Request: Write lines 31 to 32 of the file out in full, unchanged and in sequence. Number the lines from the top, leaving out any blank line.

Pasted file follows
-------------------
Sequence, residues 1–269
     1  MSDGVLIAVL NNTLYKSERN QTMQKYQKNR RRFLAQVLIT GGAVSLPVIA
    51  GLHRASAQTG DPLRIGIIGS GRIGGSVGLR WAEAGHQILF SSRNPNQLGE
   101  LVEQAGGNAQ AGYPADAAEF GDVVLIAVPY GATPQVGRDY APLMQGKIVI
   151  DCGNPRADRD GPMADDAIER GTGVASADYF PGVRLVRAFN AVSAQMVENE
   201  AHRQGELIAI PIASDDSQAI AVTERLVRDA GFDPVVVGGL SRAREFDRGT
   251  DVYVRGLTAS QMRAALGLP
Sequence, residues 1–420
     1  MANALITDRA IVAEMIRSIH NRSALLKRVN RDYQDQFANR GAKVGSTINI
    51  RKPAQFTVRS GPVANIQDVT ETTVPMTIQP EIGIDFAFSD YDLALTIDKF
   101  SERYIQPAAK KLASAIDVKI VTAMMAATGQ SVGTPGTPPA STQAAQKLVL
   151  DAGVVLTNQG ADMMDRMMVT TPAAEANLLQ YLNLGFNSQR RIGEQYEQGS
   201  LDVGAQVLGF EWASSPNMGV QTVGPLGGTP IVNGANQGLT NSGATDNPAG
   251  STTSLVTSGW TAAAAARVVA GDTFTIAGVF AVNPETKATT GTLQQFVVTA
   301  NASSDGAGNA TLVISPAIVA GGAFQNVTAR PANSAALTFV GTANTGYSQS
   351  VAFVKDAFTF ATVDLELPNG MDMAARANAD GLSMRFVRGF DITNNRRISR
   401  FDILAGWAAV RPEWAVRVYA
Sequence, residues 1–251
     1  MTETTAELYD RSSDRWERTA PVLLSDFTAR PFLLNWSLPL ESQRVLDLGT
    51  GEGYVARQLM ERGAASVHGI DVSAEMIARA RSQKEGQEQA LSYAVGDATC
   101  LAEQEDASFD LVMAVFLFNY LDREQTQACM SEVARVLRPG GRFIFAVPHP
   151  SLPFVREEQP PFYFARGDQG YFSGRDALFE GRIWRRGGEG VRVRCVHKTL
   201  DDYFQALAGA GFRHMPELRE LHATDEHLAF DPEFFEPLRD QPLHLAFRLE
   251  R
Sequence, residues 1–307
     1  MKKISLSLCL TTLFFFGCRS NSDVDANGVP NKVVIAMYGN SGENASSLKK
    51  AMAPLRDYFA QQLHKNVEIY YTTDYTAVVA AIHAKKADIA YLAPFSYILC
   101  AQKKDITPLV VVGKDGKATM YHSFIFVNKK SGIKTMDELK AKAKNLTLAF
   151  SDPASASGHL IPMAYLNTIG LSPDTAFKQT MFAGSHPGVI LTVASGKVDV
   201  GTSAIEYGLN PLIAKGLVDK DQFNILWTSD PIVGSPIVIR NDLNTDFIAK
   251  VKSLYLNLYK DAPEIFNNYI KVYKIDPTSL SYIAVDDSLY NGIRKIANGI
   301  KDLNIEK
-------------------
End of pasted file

   251  VKSLYLNLYK DAPEIFNNYI KVYKIDPTSL SYIAVDDSLY NGIRKIANGI
   301  KDLNIEK